Isaiah 53 is holy ground of Scripture. We stand bare before a text that blazes brightly with the love of God. Isaiah’s prophetic pen allows us to peer into the events of Calvary and witness their spiritual significance. The physical horrors Jesus suffered on the cross are enough to move the most cynical person to emotion, but understanding their spiritual importance will inspire the most sinful person to devotion. The cross calls for more than just our tears, it is meant to capture our allegiance.
What you learn about Jesus from Isaiah 53 is shocking, it’s even distressing, but it’s also absolutely wonderful. It ignites within the humble heart a devotion that transforms.
The first stunning theme of this chapter is that Jesus would deliver His people, not by the might of sword, but by the power of suffering. Jesus’ suffering began by the way He chose to enter this world. He could have been privileged, pampered and pretty. But He chose to be born into the pain of poverty, to know the strain of hard work, to know the shame of living on the wrong side of the tracks, to know the loneliness of being considered common in appearance. Like a root in a dry, parched ground He would have to struggle to survive (Isa. 53:2).
The pain of those circumstances was intensified by the rejection He experienced from others (Isa. 53:3). It’s one thing to suffer because your circumstances are harsh, but much greater is the pain of being rejected by the people who should love you.
The most distressing facet of Jesus’ suffering is that man’s rejection resulted in horrific, physical abuse. Isaiah says, “Look at Him! Jesus is pierced, He is crushed, He is punished, He is wounded, He is afflicted, His soul is suffering. His life is being poured out into death” (Isa. 53:4-7). Isaiah wants us to see the consequences of our sins.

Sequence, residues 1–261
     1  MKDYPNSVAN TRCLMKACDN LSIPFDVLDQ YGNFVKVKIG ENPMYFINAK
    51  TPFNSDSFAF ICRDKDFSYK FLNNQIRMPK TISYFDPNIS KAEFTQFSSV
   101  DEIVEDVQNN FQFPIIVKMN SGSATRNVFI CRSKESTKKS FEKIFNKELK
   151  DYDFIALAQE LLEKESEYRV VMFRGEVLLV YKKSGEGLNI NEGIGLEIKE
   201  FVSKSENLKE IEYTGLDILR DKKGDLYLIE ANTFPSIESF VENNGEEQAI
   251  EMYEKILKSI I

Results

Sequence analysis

Let us be finished with thinking that the phrase, “Jesus died for us,” is trite! Let us be done with thinking our sin is harmless! Isaiah tells us if we could see what Jesus suffered we would freeze in stunned astonishment, our mouths would gape open, our stomachs would ache, and our hearts would break.
Amazingly, Jesus didn’t have to suffer. He chose to! It is one thing to suffer when you have no choice or when the suffering is deserved, but Jesus willingly chose to suffer (John 10:18; 12:27). In the midst of the pain Jesus offered no protest, no defense, no complaint (Isa. 53:7). There was no gripe or grumble on the part of Jesus. In so doing He leaves us an example of how to suffer for righteousness’ sake, submissively committing ourselves to Him who judges righteously (1 Pet. 2:21-24).
Jesus didn’t suffer because He had to. He was absolutely innocent (Isa 53:9). His suffering is awful because it was unjust, but His suffering is that much more astounding because it was voluntary. With just one word He could have said, “That’s not true!” but He did not.
Jesus didn’t suffer because He deserved it, but because we did! He suffered unimaginable pain, but He did it willingly, because He was doing it for us. At the heart of this song Isaiah takes us to the cross and forces us to see our part in His unimaginable suffering (Isa. 53:4-6). He suffered for “our” transgressions, “our” iniquities, “our” waywardness (2 Cor. 5:21).
We live in a day when people want the freedom to do as they please, but they do not want the consequences of their choices. They want to engage in fornication and use abortion to escape the consequences. They want to murder and defraud and hire attorneys to get them off when they are caught.
Please know you are free to choose, but you are not free to choose your eternal consequences! Ezekiel put it succinctly,“The soul that sins, it shall die.” (Ezekiel 18:4; Rom. 6:23). There is no other way to have our sins taken away except through Christ. Either He will bear the penalty of our sins, or we will. The arm of the Lord was revealed at Calvary to punish sins in the person of Christ, but the next time He raises His arm it will be in judgment against all who refuse to submit to Him and accept what Jesus did on the cross.